We are all encouraged to cut our carbon footprint – so is ecotourism out?

There is a great deal of time in the media given over to cutting our carbon footprint. To be clear, this is essential – we need to cut our carbon footprint as much as we possibly can.

My family have recently bought an electric car (second hand) and this has probably reduced our emissions by 2.5 tonnes a year directly (let alone indirectly, which is often far higher – think of the carbon footprint of extracting refining and transporting the petrol from the earth to your car – usually easily doubling the carbon emissions coming out of the tail pipe).

While they cause much pollution, air travel allows support of wilderness like no time before, we must not lose it.

We are currently in talks of having a heat pump installed (I hope that this goes well) and perhaps having the same people install our solar panels and thermal solar panels (those who have been reading this blog for a long time will remember me getting them a long time ago, it has been bizarrely hard to find someone to install at a sensible price).

These moves probably combine to reduce our housing emissions to near zero – we have carbon neutral electricity as well a to reduce our gas use to zero.

So why do I run a website that is intended to simplify wild travel? It is simple! No one has yet found a model which pays locals for the wildlife that lives on the doorstep. Tourism is good at doing this. Now it is true that most wildlife is a significant distance away, which means that air travel is required. However, if as a country, we reduce our housing carbon footprint by 5+ tonnes each, per year (on average the emissions per person is around 5 tonnes per year, so for a family of 4 this is a reduction of about 25%) then a flight, preferably in cattle class and on a modern efficient plane, is not going to greatly increase our carbon footprint.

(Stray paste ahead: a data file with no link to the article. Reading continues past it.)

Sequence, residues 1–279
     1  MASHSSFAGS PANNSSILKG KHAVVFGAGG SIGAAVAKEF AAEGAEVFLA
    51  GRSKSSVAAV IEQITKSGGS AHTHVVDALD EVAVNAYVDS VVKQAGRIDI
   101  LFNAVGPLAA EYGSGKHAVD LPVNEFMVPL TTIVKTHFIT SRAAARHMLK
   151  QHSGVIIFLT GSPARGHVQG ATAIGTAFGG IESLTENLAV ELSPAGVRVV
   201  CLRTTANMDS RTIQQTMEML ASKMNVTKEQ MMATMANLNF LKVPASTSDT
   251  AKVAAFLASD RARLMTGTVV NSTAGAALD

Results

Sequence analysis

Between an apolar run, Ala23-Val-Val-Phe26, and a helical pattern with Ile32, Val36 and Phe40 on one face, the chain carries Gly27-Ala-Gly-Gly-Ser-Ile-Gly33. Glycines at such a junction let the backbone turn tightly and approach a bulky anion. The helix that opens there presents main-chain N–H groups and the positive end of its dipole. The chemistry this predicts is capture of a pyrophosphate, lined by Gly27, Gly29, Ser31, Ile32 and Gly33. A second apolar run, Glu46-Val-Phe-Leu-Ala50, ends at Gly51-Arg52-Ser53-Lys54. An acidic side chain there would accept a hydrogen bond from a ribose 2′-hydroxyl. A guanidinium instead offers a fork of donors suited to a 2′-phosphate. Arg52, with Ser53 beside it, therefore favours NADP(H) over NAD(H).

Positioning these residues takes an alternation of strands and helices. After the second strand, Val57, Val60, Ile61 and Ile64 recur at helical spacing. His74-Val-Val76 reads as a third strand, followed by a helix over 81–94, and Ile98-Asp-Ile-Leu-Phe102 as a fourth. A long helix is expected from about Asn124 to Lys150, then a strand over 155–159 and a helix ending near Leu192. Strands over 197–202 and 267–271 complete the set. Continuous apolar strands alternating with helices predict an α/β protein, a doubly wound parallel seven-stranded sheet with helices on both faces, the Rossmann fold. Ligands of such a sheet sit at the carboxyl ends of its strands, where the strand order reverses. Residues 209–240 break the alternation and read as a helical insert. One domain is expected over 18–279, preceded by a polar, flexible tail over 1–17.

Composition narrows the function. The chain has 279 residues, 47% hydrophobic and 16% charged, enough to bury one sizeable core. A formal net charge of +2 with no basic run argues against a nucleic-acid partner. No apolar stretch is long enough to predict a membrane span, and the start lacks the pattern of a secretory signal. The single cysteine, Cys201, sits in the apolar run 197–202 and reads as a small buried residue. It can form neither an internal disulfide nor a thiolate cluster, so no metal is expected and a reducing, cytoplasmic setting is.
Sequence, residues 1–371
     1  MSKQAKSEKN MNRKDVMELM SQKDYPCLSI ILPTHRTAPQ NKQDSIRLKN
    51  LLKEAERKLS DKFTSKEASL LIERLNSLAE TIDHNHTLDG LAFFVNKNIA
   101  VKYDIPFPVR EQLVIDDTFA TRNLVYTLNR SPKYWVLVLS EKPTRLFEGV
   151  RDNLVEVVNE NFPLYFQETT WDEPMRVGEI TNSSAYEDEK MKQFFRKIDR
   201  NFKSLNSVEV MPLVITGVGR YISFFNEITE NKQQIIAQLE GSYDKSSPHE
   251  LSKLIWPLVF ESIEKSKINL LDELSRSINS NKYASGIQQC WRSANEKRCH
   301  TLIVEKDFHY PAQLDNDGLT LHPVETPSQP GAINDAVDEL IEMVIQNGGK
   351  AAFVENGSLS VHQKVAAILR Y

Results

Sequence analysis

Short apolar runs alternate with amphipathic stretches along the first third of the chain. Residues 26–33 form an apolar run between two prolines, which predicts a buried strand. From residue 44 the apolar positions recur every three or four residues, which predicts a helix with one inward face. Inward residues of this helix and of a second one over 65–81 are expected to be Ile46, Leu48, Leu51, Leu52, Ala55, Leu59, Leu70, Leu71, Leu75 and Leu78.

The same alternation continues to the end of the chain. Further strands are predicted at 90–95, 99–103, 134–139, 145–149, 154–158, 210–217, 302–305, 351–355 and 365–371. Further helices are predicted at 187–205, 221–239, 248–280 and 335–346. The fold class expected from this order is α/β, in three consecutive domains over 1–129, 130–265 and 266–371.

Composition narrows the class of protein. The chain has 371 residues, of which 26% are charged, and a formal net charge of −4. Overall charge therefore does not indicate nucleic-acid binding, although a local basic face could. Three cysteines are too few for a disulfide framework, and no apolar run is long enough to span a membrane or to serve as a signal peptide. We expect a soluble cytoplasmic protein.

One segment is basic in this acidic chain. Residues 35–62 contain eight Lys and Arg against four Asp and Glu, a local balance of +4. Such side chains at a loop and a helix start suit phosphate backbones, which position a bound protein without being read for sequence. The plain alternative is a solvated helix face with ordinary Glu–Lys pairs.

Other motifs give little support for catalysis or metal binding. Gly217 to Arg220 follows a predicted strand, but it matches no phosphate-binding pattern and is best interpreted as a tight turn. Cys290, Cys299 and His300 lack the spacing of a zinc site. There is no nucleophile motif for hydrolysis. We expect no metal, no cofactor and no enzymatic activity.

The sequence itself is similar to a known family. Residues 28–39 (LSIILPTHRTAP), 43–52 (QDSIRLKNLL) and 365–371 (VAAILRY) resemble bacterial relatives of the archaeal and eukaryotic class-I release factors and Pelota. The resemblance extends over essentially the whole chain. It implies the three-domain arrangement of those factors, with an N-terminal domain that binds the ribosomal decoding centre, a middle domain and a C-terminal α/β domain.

More important, if everyone in the west stops ecotourism trips, what benefit is there for locals in western Africa to retain their rainforest? A small number of visitors is likely to greatly increase the standard of living of remote communities, as well as giving incentive for thousands of square miles of rainforest to remain standing.

Carbon offset schemes are also a good idea, though much care must be taken in picking what to support (and often doing it directly is better). As this website grows, I hope to set up a scheme that does it properly. You should be looking for projects which will either reduce emissions (new green electricity generation, reforestation- with native crops, that will be left standing, and many more)

The fact of the matter is, that if all of us who are lucky enough to live in the west stop engaging in eco-travel, this removes the incentive for countries around the world to retain their wilderness and wildlife. Worse, ecotourism can give livelihoods in wild places all over the country which if removed, would require entire ecosystems to be cleared. We must be careful, and keep our carbon footprint for this travel low, but feeling smug about not flying will not keep rainforests standing, coral reefs intact, mangroves where they are and many many more

Leave a Reply

Your email address will not be published. Required fields are marked *

See Animals Wild